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Abstract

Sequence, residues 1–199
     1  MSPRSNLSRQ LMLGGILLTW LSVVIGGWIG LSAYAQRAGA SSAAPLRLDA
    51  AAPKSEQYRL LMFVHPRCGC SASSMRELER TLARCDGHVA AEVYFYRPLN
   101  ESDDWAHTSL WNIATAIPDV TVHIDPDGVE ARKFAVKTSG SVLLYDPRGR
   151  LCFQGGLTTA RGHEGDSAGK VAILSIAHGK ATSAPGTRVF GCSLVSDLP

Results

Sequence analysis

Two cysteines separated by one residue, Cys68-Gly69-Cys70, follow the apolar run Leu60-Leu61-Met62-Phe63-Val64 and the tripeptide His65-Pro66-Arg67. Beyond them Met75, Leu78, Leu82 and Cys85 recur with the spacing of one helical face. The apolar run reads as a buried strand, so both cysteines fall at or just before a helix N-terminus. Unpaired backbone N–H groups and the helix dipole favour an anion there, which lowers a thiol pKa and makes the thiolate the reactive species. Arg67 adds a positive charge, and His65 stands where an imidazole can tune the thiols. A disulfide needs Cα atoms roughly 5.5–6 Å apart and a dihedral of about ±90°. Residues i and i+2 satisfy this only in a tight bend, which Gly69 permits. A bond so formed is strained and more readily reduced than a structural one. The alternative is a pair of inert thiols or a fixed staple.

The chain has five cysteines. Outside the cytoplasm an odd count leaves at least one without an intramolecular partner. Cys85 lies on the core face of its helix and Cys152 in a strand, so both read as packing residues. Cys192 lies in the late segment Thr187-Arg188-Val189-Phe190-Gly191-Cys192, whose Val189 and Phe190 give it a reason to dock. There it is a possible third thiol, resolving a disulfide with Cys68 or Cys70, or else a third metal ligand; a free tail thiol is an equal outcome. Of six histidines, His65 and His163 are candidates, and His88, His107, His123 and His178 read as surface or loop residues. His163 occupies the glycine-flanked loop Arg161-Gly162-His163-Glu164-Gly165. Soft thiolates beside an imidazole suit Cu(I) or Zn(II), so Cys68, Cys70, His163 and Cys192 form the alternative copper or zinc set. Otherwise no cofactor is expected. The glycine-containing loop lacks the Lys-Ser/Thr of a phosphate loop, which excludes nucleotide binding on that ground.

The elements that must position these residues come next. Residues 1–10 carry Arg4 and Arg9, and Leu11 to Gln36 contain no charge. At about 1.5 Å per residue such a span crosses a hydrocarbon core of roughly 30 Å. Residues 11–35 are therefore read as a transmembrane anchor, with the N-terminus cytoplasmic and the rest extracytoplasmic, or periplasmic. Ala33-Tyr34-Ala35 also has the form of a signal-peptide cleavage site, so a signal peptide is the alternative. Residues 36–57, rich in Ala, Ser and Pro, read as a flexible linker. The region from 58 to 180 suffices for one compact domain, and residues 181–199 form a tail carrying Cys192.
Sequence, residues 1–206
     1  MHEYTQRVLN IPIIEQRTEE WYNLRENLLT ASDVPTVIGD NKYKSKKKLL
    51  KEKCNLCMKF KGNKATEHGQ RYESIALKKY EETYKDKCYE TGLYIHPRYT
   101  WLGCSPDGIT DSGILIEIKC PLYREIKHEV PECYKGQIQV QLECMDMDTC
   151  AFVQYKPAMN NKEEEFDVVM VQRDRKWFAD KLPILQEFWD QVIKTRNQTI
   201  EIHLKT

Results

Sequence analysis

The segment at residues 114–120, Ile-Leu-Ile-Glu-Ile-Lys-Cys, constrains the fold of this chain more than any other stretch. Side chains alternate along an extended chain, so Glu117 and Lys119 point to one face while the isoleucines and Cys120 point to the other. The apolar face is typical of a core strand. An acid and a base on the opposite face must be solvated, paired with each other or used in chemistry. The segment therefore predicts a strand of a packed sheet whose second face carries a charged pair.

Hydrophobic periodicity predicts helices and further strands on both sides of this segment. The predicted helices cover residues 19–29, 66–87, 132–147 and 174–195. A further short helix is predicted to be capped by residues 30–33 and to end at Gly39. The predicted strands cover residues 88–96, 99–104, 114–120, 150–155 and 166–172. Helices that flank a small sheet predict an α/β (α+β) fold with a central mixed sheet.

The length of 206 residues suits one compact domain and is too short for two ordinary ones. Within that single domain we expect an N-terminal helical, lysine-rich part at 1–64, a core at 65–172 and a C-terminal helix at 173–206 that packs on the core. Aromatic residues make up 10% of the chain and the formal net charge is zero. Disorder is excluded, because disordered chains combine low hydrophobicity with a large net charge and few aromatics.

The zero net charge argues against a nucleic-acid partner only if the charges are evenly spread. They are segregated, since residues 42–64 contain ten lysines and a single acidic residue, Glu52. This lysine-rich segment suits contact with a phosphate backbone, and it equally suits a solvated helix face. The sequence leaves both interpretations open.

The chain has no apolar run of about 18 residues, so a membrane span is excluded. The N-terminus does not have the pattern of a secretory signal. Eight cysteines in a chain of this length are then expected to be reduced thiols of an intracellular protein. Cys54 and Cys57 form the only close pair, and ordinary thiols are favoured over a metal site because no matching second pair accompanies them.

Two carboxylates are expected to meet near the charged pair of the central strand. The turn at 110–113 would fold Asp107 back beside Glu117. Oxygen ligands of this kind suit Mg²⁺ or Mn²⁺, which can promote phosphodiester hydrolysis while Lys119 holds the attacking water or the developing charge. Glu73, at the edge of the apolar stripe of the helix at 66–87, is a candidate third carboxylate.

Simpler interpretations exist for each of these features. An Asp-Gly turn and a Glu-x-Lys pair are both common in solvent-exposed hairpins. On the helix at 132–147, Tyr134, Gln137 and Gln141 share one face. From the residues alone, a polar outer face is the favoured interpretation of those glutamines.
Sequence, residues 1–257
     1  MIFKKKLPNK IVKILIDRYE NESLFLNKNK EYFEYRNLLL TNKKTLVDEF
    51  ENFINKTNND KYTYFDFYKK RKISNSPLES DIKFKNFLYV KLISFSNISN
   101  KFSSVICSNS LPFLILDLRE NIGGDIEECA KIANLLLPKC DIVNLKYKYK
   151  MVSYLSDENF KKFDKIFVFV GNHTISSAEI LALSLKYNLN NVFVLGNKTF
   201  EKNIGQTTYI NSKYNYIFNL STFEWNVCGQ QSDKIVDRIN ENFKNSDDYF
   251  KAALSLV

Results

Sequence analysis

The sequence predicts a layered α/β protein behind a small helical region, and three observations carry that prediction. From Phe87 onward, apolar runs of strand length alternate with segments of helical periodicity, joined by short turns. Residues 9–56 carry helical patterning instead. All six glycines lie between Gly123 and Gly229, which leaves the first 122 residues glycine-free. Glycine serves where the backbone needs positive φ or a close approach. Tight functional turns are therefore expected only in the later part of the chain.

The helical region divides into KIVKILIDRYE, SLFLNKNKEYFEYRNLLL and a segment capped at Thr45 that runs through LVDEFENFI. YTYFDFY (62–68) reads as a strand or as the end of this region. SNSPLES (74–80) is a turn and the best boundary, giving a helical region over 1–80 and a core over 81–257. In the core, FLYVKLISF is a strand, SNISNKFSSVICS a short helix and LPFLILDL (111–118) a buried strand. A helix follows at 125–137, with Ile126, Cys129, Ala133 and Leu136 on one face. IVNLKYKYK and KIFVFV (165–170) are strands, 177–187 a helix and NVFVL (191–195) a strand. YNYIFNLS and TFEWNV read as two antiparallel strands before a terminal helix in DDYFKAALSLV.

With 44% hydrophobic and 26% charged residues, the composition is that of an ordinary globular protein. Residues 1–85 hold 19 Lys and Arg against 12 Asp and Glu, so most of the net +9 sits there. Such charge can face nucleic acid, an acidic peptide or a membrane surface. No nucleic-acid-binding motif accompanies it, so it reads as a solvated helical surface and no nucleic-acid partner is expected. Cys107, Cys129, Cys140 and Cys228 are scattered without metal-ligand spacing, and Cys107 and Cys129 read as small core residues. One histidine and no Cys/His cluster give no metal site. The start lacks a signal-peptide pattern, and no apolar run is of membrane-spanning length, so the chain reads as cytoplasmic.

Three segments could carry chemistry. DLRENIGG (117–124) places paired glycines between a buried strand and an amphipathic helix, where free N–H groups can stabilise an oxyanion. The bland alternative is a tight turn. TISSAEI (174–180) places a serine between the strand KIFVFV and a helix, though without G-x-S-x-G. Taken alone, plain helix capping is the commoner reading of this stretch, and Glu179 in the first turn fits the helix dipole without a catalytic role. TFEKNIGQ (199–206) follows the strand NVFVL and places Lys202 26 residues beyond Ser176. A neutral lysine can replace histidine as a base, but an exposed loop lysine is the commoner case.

The cause of the seasons is often associated with a very particular alternative conception: That the earth's orbit around the sun is highly elongated, and the differences in distance result in variations in temperature. It has been suggested that the standard diagrams used to depict the earth's orbit may be in some way responsible for the initial appearance and overall maintenance of this incorrect conceptualization; the elongated shape of the orbit is thought of as a conceptualization cue that invites a fairly predictable way of reasoning. To test whether that is indeed the case, six variants of diagrams depicting differently shaped earth orbits around the sun were presented to 652 ninth-grade students in the United States. From responses to a written assessment, students' ideas about what caused the seasons were identified and analyzed. Elongation of orbit did not appear to have an effect, and there was no reinforcement effect for students who initially believed in an elongated orbit. Additional analyses show instead that other features in the diagrams can instead be more influential as conceptualization cues, such as shading or overlapping shapes, but these cues' influence on student reasoning depend on which other cues accompany them. © 2010 Wiley Periodicals, Inc. Sci Ed94:985–1007, 2010